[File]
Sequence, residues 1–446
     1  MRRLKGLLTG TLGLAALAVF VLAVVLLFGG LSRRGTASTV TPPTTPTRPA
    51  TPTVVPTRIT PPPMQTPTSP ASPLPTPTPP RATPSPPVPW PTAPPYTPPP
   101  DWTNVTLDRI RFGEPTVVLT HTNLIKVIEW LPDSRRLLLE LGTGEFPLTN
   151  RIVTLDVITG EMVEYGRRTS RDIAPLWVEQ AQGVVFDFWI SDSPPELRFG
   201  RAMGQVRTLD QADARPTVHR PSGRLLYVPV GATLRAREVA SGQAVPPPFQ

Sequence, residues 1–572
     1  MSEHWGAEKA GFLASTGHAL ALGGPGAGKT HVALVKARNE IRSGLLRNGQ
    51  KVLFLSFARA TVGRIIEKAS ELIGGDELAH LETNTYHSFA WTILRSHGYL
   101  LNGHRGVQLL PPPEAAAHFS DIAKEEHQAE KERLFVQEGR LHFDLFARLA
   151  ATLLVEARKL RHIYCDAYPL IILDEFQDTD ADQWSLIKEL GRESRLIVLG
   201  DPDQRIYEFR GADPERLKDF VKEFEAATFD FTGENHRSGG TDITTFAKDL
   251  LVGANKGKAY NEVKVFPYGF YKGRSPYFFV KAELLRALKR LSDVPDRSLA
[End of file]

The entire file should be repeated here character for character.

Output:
Sequence, residues 1–446
     1  MRRLKGLLTG TLGLAALAVF VLAVVLLFGG LSRRGTASTV TPPTTPTRPA
    51  TPTVVPTRIT PPPMQTPTSP ASPLPTPTPP RATPSPPVPW PTAPPYTPPP
   101  DWTNVTLDRI RFGEPTVVLT HTNLIKVIEW LPDSRRLLLE LGTGEFPLTN
   151  RIVTLDVITG EMVEYGRRTS RDIAPLWVEQ AQGVVFDFWI SDSPPELRFG
   201  RAMGQVRTLD QADARPTVHR PSGRLLYVPV GATLRAREVA SGQAVPPPFQ

Sequence, residues 1–572
     1  MSEHWGAEKA GFLASTGHAL ALGGPGAGKT HVALVKARNE IRSGLLRNGQ
    51  KVLFLSFARA TVGRIIEKAS ELIGGDELAH LETNTYHSFA WTILRSHGYL
   101  LNGHRGVQLL PPPEAAAHFS DIAKEEHQAE KERLFVQEGR LHFDLFARLA
   151  ATLLVEARKL RHIYCDAYPL IILDEFQDTD ADQWSLIKEL GRESRLIVLG
   201  DPDQRIYEFR GADPERLKDF VKEFEAATFD FTGENHRSGG TDITTFAKDL
   251  LVGANKGKAY NEVKVFPYGF YKGRSPYFFV KAELLRALKR LSDVPDRSLA